Wells Fargo is trying to blame a computer glitch on several recent spates of home foreclosures, but the facts of the case make it look less like a computer error and more like a targeted program to force people into foreclosure. This wouldn’t be a first for the banking giant, and like last time, it is unlikely that any of those responsible will ever see the inside of a prison cell. Ring of Fire’s Mike Papantonio and Farron Cousins discuss this.
Mike Papantonio: Banking giant Wells Fargo claims that a massive round of home foreclosures recently was due to a computer error, but they haven’t said whether or not they’ll give people back their homes that lost their homes because of this computer error.
Now, we did a story on this back in August, right? This happened one other time where there was a computer error and you had, I’m trying to remember … I think, you had, yeah, 625 borrowers that were incorrectly denied mortgage modifications and ended up losing their homes. Many of them ended up losing their home.
But Wells Fargo says, “Oh, no. It was just a glitch. You know, we’re pretty busy. We’re making a lot of money and it’s a glitch. Sorry.” Now, same thing happens again. Only this time, this is directly affecting foreclosures. Right? This glitch is actually putting people, what, about 500 people out of their homes?
Farron Cousins: Right, right. Right now, we’re looking at 545 on top of the 400 who lost it in the last computer glitch. And here’s what’s, not ironic, but very odd about this computer glitch. It’s only targeting people who seem to owe less than their home is worth, meaning that if Wells Fargo forecloses on it, they can make a profit. It’s not targeting people who are underwater on their home.
So where if Wells Fargo acquired it via foreclosure and sold it, they still lose money, none of those people have been affected, and there’s plenty of them out there who owe more than it’s worth. This is targeting people who are coming for help. They know they’re in financial distress.
That’s why they’re trying to seek these mortgage readjustments, and rather than having a person review it and look at the paper and say, “Okay, this checks out. You’re okay,” they’re putting it through this automated program, which is designed to fail, and they’re denying these people these remodifications. They’re losing their homes as a result, because they can no longer pay their monthly payment. And that’s where we’re at. And now, once they get popped for it, because the foreclosure bills …
Mike Papantonio: Well, popped doesn’t mean anything. You get caught.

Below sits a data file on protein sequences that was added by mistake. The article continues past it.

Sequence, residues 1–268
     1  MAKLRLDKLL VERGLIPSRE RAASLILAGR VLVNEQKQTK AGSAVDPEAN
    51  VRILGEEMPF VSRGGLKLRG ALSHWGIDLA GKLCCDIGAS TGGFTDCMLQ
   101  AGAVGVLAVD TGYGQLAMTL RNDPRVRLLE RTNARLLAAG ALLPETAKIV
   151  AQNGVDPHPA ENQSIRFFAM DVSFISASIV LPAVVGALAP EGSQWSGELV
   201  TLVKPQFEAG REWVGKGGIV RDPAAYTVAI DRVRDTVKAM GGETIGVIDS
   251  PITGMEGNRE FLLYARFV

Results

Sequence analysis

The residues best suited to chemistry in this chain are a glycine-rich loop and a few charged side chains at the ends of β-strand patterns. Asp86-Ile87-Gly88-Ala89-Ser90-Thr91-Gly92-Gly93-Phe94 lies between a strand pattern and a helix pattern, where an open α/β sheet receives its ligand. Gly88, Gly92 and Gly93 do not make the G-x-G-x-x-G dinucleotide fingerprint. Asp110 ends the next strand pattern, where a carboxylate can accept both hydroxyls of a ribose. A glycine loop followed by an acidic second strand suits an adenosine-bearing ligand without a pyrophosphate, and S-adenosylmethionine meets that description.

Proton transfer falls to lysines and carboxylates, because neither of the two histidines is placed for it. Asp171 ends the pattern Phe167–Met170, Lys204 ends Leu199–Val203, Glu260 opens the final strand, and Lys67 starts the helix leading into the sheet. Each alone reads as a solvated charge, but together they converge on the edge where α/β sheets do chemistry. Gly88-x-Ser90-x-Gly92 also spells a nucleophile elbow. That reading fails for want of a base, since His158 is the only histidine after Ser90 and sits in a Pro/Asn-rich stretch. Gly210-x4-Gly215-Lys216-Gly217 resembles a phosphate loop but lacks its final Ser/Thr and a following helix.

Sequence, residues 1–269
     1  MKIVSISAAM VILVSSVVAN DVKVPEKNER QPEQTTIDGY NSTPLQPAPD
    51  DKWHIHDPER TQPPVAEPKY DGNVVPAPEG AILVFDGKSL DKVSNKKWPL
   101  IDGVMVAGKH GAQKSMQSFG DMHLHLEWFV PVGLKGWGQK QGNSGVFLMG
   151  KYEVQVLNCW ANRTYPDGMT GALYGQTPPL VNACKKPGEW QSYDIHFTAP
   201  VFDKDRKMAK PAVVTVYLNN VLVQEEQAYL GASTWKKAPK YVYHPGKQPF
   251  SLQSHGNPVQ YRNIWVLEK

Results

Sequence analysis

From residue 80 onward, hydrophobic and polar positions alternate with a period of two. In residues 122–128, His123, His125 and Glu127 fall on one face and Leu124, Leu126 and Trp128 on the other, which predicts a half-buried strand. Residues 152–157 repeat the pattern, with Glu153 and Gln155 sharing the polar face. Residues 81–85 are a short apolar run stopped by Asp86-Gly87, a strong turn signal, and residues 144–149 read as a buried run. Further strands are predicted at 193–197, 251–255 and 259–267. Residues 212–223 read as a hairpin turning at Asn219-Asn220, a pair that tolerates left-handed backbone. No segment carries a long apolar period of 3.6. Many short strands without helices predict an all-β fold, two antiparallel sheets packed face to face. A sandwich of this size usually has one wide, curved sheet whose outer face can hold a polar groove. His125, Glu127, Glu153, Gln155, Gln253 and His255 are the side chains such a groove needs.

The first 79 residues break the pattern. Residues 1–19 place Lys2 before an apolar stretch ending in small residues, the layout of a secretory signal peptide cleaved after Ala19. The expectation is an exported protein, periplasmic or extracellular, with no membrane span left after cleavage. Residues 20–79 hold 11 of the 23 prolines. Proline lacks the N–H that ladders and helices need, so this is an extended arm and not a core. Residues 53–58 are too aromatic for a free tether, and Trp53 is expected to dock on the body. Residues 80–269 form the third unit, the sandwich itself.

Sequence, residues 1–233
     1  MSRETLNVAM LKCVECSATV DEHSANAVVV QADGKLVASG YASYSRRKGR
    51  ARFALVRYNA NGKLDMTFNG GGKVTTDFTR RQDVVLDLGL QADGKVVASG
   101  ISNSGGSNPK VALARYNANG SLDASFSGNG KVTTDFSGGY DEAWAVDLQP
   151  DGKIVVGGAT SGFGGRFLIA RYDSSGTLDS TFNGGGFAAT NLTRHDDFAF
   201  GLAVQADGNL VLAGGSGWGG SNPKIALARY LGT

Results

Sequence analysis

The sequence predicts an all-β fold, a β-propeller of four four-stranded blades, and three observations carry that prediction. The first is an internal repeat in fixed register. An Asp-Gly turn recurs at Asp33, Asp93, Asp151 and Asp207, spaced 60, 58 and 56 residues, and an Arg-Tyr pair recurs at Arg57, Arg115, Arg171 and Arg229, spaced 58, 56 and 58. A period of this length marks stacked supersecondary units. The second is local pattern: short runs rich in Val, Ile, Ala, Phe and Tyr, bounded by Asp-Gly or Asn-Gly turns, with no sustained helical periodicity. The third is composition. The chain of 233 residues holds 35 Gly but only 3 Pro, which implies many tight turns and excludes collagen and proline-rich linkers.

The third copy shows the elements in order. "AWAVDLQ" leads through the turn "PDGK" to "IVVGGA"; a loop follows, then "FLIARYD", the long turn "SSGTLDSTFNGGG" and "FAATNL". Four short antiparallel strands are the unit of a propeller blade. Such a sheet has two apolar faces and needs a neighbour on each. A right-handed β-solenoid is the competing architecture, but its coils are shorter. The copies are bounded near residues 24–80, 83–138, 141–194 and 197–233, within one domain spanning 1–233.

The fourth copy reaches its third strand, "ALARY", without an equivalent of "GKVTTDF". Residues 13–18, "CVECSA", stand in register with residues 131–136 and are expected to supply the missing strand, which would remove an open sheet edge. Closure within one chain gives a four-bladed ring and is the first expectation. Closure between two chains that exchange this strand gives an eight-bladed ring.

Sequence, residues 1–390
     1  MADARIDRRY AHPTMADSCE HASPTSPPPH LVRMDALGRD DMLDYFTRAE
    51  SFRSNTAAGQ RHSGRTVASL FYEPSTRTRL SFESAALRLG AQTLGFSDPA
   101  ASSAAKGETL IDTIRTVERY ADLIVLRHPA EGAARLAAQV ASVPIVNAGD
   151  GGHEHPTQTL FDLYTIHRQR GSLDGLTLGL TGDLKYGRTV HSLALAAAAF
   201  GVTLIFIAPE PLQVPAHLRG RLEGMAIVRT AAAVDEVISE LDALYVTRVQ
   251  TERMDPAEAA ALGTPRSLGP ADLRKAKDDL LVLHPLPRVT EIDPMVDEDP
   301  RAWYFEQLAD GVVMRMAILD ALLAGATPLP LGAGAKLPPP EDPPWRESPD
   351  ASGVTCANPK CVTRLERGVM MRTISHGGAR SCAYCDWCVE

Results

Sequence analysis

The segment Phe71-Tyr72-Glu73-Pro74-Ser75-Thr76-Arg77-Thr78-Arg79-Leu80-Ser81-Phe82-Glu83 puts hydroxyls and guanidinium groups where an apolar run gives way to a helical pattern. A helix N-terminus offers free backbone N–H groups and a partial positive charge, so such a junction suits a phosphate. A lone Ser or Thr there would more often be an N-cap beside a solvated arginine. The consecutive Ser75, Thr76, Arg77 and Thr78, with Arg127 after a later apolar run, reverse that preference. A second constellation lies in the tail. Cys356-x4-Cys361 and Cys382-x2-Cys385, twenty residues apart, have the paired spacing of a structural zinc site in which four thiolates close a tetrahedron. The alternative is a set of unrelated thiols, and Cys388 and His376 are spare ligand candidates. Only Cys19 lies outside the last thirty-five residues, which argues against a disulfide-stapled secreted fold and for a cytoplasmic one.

Farron Cousins: Right, caught. Just caught. Yeah.
Mike Papantonio: They get, “Okay, we’re going to fine you $50 million. Well, they made that while you and I have been sitting here talking, okay? So $50 million doesn’t mean anything. Only thing that means something is when you say, as we’ve said so many times, “You know, why can’t we put these people in prison like we do any other criminal?” These are criminals. This is not a glitch. Okay, if it’s a glitch, it sure is well-designed, isn’t it?
Farron Cousins: Yeah.
Mike Papantonio: The glitch happens, just glitch on people that are most susceptible to being a victim. That’s where the glitch falls. That’s the glitch goes after people we want to go after. We glitch those people. That’s what this really means.
Farron Cousins: Right. I mean you’re not seeing people with these huge mansions out there. They’re not having glitches in their computer or paperwork here. And here’s the thing is that Wells Fargo set aside, I think, about $8 million, because of the victims, $8 million, here’s your settlement.
But when you’re talking about nearly one thousand people who lost their homes, many more were victims of this, that’s pennies compared to the profits that Fargo already made selling those houses. They made way over $8 million selling a thousand homes that they took fraudulently.
Mike Papantonio: Well, you understand, and we’ve talked about this before, they calculated the cost of doing business. It’s like the same things with the pharmaceuticals. Pharmaceuticals on the market, we know it causes kidney damage.
They calculate how many kidneys are going be damaged, how many people are going to die, how many billions of dollars we make just by keeping this on the market. They do the math, they said, “Ah, we can keep it out there. We can pay off at the end.” And it’s a good business decision. It’s the same thing here.